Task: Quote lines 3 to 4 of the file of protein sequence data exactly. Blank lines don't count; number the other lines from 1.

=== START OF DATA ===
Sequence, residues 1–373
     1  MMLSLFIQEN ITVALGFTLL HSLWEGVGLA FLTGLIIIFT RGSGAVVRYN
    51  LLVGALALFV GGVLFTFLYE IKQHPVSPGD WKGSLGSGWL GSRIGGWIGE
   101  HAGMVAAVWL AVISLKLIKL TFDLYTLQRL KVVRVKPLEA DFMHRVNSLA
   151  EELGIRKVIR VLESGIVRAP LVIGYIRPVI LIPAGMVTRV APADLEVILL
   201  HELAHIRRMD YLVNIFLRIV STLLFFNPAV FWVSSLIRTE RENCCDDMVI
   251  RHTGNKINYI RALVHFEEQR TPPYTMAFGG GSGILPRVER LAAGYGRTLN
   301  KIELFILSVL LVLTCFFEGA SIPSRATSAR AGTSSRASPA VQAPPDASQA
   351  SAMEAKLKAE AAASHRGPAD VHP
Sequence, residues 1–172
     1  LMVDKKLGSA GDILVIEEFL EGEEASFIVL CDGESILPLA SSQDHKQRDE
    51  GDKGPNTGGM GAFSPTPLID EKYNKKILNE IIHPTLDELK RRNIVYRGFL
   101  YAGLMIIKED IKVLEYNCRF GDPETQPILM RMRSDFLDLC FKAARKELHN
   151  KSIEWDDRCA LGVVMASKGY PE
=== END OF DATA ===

    51  LLVGALALFV GGVLFTFLYE IKQHPVSPGD WKGSLGSGWL GSRIGGWIGE
   101  HAGMVAAVWL AVISLKLIKL TFDLYTLQRL KVVRVKPLEA DFMHRVNSLA